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Module Description

Learning and teaching style

The course provides invaluable skills and knowledge for anyone seeking to develop familiarity with some of the major techniques in qualitative research and the practical skills in collecting and analysing data using these techniques. The module structure consists of 9 weekly seminar sessions of two hours each plus one reading week. At the beginning of each session, there will be a short introductory lecture designed to outline the topic and to prepare the ground for the seminar discussions. Most of the time will be devoted to the discussions, however. As such, the module requires the active
participation of all class members through group activities, presentations, active listening, debate, and discussion.

Learning objectives

The module aims ...

  • to introduce students to a broad range of issues and techniques in qualitative research;
  • to highlight the (particular) strengths and weaknesses of different qualitative techniques;
  • to help students make the right choices in conceptualization, case selection, approach, data-gathering technique, and data-processing method for particular research designs;
  • to apply specific methods in order to answer a question in political science research.

In this module we will work on two complementary skills: understanding qualitative research and practising qualitative research techniques. The first one is acquired by reading and critically discussing quality papers published in scientific journals. The second one shall be reached through working on your own research project as from the beginning of the course. Your success in the course will depend on your capacity to relate readings and course interactions to your personal research project. It is your final essay only that will be assessed, but its quality is likely to depend on how you managed to go through the previous assignments. To this end, the following is required of all students enrolled in this course:


Short article reviews.

These should be concise reviews of each week’s applied readings. The reviews should not simply summarise the articles. Instead, you are expected to identify the main research question and to critically evaluate the arguments and evidence in relation to the questions for discussion identified in the seminar programme. Keep them to one page, single-spaced maximum. The short reviews do not need to be in a continuous text form, they can be a series of points. Bring them to the seminar every week as they will help you to contribute to the discussions. In essence in your reviews you should…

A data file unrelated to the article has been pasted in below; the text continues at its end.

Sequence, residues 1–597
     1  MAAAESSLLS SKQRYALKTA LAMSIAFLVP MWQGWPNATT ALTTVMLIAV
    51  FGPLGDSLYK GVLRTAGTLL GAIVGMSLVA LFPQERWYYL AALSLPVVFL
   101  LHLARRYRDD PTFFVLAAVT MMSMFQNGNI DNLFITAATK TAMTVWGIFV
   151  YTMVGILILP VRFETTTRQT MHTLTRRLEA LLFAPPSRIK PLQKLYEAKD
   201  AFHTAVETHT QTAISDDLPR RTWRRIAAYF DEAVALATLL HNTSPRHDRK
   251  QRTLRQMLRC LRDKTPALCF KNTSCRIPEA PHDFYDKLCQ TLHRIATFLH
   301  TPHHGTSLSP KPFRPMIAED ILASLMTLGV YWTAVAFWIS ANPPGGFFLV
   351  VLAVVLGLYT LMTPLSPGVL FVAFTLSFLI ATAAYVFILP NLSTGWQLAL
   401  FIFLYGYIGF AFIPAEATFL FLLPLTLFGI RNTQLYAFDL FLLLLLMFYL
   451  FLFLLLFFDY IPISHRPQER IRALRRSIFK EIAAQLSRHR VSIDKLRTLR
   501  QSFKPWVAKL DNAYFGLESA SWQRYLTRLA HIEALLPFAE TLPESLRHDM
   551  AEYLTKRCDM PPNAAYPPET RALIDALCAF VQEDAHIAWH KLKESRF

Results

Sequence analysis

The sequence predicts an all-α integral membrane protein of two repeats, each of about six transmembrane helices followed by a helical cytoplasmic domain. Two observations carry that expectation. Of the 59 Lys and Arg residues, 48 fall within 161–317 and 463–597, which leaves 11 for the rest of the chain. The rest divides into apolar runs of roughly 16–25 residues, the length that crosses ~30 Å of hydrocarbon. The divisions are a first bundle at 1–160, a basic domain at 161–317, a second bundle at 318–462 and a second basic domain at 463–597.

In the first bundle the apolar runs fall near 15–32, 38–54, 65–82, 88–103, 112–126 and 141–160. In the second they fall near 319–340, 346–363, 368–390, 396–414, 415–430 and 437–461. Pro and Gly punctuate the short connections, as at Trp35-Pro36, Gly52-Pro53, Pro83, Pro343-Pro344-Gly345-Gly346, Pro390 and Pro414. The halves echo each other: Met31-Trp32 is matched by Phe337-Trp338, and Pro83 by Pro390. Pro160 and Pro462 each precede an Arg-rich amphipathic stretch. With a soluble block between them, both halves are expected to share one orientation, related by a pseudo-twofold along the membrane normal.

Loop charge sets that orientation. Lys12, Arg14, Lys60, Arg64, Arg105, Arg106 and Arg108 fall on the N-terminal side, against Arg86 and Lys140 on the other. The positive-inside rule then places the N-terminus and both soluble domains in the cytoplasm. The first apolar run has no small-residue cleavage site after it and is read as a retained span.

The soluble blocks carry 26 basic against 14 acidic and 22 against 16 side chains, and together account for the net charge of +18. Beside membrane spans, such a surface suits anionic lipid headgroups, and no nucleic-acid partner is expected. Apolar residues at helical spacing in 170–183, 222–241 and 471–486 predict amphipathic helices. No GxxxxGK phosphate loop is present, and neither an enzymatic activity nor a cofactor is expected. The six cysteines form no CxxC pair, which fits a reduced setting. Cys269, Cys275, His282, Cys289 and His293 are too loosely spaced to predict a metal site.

• summarize the main arguments of the readings for the week. What are the readings about? How do they relate to each other? (Keep this part short–half of the page, maximum)
  • identify the main techniques used to in order to collect and analyse the empirical material. What kind of data is collected? How is it collected, and how is it analysed? What would have been alternatives?
  • critique the readings–consider methodology, logic, biases, omissions, etc. Are there any unexplained assumptions? Do the authors provide empirical evidence that convincingly support what they proposed? Why (not)?
  • note some questions that you would like to discuss in class.
Mini symposium.

In the final seminar session, we split in small groups. Each student is expected to present his/her study before the group. Presentations should include the motivation/relevance of the research question, theoretical background & argument, working hypotheses, methods that will be used for data collection & analysis, the preliminary results, and also address anticipated challenges (see below). For each student, the rest of the group constructively discusses/critiques the strengths and weaknesses of the project, and suggests ways in which it could be carried out more fruitfully. The goals of this session are for students …

  • to begin to shift their focus from reading/analysing/discussing the work of others to actually creating their own project,
  • to get early feedback for their own research ideas, and
  • to engage with and to provide critical but constructive feedback to the research ideas of the other participants.